surfresearch.com.au
home catalogue history references appendix

surfresearch.com.au 
fredrick o'brien : surf riding in marquesas, 1922 

Fredrick O'Brien :  Surf Riding in the Marquesas, 1922.

 Extracts and a photograph from:
O'Brien, Frederick:
Atolls of the Sun
McClelland, Toronto, 1922.
 
Internet Archive
http://archive.org/details/atollsofsunwithm00obriuoft

Introduction.
Fredrick O'Brien was a popular author, writing many books with Pacific themes.
He had previously written about surf-riding in the
Marquesas in White Shadows in the South Seas (1919), and some of the characters reappear here.
 
It is not always clear to what extent his stories are based on personal observation, and what has been borrowed from other authors
In this instance, on pages 314-315 he describes canoe-leaping (ele wa'a), in which the surfer leaped off the canoe with his board and rode the crest of a wave ashore.
This was singularly reported by John Papa Ii (1870
, page133), however, its is somewhat diminished by his contention that the canoe slid back of the wave because of the force of the shove given it with the feet.

The photograph of a Samoan canoe being ridden over a reef (facing page 113) is very rare.


See

1914 Fredrick O'Brien : Surfriding in the Marquesas. 
1870 John Papa Ii : Board, Canoe and Body Surfriding, Diving.

Page 44

Once more the Flying Fish towed the boat very near to the beach, and at the cry of "Let go!" flung away the rope's end and left us to the oars.
The passage through the reef of Anaa was not like that of Niau.
There was no pit, but a mere depression in the rocks, and it took the nicest manceuvering to send the boat in the exact spot.
As we approached, the huge boulders lowered upon us, threatening to smash us to pieces, and we backed water and waited for the psychological moment.
The surf was strong, rolling seven or eight feet

Page 45

high, and crashing on the stone with a menacing roar, but the boat-steerer wore a smile as he shouted, "Tamau te paina!"

The oars lurched forward in the water, the boat rose on the wave, and onward we surged; over the reef, scraping a little, avoiding the great rocks by inches almost, and into milder water.
The sailors leaped out, and with the next wave pulled the boat against the smoother strand; but it was all coral, all rough and all dangerous, and I considered well the situation before leaving the boat.
I got out in two feet of water and raced the next breaker to the higher beach, my camera tied on my head.

Page 113 [facing]


Over the reef in a canoe.

Page 296

When I was settled in the House of the Golden Bed, as the Marquesans called the cabin I had rented from

Page 297

Apporo, the wife of Great Fern, in exchange for my brass bed at my departure, I went almost every day with Exploding Eggs to the beach to fish or swim or to ride the surf on a board.
The road wended from my house past the garden of the palace and thence to the sea.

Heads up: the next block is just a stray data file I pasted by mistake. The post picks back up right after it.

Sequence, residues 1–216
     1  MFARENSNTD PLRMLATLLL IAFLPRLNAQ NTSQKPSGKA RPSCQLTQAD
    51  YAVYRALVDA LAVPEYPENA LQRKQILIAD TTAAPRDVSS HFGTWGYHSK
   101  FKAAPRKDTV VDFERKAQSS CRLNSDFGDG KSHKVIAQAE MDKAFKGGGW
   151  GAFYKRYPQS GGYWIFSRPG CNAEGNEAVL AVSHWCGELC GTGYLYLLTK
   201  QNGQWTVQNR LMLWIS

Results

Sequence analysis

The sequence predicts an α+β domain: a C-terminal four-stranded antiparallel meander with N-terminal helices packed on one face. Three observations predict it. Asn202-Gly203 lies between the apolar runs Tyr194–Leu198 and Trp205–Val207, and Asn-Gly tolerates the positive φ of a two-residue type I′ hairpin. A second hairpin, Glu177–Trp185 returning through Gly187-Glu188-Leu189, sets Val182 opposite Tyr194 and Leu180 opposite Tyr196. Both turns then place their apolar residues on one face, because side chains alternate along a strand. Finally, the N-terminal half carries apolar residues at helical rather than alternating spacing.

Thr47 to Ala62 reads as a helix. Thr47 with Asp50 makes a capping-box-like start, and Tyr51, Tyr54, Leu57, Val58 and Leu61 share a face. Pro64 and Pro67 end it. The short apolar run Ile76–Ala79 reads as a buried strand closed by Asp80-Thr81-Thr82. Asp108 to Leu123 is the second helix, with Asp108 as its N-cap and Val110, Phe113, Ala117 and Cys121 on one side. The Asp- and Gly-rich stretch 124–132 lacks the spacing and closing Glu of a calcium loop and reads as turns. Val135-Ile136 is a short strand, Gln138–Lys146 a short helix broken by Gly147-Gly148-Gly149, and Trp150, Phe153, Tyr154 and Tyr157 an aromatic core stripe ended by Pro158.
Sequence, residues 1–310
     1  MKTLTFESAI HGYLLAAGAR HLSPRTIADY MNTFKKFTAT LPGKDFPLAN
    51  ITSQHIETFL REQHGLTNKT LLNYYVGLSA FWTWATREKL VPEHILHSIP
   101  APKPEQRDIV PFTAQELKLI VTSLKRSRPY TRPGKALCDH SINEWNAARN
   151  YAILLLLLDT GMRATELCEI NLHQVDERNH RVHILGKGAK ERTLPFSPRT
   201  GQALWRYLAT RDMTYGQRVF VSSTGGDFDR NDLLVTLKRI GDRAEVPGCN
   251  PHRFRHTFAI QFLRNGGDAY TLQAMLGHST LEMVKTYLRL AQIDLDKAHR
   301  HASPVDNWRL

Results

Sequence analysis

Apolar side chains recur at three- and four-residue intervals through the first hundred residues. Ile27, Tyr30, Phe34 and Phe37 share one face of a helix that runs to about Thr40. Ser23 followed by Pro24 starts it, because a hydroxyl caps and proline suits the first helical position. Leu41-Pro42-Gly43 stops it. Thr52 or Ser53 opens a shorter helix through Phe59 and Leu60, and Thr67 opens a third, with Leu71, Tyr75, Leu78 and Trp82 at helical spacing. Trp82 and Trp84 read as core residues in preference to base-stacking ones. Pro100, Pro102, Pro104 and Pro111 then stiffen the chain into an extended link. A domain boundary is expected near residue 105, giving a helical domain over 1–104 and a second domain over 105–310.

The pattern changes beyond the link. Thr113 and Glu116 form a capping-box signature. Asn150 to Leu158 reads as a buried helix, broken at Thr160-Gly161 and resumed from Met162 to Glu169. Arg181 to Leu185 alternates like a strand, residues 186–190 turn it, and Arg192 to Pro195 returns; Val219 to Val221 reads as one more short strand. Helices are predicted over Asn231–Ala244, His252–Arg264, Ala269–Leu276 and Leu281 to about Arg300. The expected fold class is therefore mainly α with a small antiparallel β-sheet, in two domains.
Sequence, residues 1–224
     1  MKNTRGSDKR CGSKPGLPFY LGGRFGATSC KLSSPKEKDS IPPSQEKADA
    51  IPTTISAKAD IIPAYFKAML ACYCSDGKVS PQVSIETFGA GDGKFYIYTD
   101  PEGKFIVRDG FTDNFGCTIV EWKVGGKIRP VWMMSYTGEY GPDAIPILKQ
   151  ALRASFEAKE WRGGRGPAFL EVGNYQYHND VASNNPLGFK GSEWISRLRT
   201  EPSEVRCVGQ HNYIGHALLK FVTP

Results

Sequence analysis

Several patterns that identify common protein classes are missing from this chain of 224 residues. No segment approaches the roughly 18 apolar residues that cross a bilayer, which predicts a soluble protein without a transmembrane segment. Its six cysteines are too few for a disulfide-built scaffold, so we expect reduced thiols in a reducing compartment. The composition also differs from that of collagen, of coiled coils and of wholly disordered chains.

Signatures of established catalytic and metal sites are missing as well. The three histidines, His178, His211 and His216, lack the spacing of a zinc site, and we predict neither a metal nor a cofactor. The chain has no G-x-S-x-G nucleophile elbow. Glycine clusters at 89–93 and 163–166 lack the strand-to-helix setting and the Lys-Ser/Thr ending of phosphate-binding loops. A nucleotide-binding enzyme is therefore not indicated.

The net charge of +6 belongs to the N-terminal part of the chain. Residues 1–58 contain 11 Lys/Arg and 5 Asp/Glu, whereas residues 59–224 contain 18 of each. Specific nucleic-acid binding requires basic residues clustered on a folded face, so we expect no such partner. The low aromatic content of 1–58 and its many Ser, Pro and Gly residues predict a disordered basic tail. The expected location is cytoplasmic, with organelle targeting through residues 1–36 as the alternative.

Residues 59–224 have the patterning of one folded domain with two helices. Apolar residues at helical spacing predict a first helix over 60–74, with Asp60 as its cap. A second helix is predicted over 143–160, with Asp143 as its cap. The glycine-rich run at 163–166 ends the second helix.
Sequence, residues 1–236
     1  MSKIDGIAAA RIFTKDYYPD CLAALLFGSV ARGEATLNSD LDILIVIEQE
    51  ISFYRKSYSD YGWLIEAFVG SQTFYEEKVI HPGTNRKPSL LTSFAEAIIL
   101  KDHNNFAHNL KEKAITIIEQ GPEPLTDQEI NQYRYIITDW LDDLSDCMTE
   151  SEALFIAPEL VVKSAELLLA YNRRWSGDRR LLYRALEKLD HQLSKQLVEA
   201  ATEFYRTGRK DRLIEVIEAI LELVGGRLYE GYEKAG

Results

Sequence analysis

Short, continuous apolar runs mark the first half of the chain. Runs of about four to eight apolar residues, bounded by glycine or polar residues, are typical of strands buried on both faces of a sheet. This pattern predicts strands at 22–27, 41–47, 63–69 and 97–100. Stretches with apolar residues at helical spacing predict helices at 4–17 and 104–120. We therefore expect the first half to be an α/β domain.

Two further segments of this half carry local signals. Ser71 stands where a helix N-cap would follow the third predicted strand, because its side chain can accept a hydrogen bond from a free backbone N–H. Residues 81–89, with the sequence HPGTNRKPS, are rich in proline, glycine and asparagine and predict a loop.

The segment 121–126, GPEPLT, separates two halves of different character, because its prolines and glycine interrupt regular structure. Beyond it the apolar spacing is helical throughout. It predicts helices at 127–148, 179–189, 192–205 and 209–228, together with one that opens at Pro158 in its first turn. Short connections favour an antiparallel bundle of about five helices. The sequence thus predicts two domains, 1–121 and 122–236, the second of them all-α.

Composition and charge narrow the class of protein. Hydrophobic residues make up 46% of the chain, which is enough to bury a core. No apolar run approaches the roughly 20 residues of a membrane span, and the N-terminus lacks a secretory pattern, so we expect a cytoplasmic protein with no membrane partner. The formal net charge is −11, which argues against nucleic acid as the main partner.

Page 314

There was no one on the veranda of the palace.
Except for the residence of the lepers by the cemetery there was no other house toward the beach but that of my enemy.

Obscure under the heavy-leaved palms, I could not be sure that Peyral was not ensconced on his gallery with a bottle of absinthe and a shotgun or rifle waiting to pot-shot me.
He knew my habit of bathing every day, and maybe was chuckling over scaring me from the spot.
I walked boldly and briskly past his house.
There was no figure on the porch but that of a girl.
I glimpsed her only, for an emotion of shame inexplicable shame directed my eyes away from her.
I continued on to the water, and, hiding my revolver in the trailing pahue with its morning-glory blossoms, I took up my surf- board and forgot Peyral in that most exhilarating of sports.

Exploding Eggs dragged his tiny canoe from the bushes, and we launched it and pushed it through the surf.
With rare dexterity he paddled it seaward, I with my board on my knees, a calm admirer of his marvelous control of the little craft: he and it the first Marquesan and the first canoe I had seen in this archipelago.
When we were out half a mile or so we lay still for the right breaker.
He watched and after a few minutes began to paddle with intense energy until the wave caught him.
We swung to its crest and clung there as we dashed in at a fast pace without motion on our part.
But, when half-way, Exploding Eggs took my board from me, and, handing me the paddle, he suddenly plunged with it from the canoe and, extended full

Page 315

on the board in rhythm with the billow I rode, accompanied me to shore.

Page 469

Before noon, I was overcome by a longing to see Atuona again.
The voices of the friends who had chanted their grief were in my ears.
I landed at Tahauku in one of the copra boats which were coming and going, and walked along the cliffs until I came within sight of the beach where, so often, I had ridden the surf.
I went at a fast pace down the hill, hoping for a familiar face.
At a point overlooking the cove, that very spot Stevenson thought the most beautiful on earth, I heard shouts and merry laughter.


O'Brien, Frederick:
Atolls of the Sun
Publisher: McClelland, Toronto, 1922.

Internet Archive
http://archive.org/details/atollsofsunwithm00obriuoft


Return to Surfer Bio menu
surfresearch.com.au
home catalogue history references appendix

Geoff Cater (2013-2017) : Fredrick O'Brien : Surf Riding in the Marquesas, 1922.
http://www.surfresearch.com.au/1922_OBrien_Atolls_Sun.html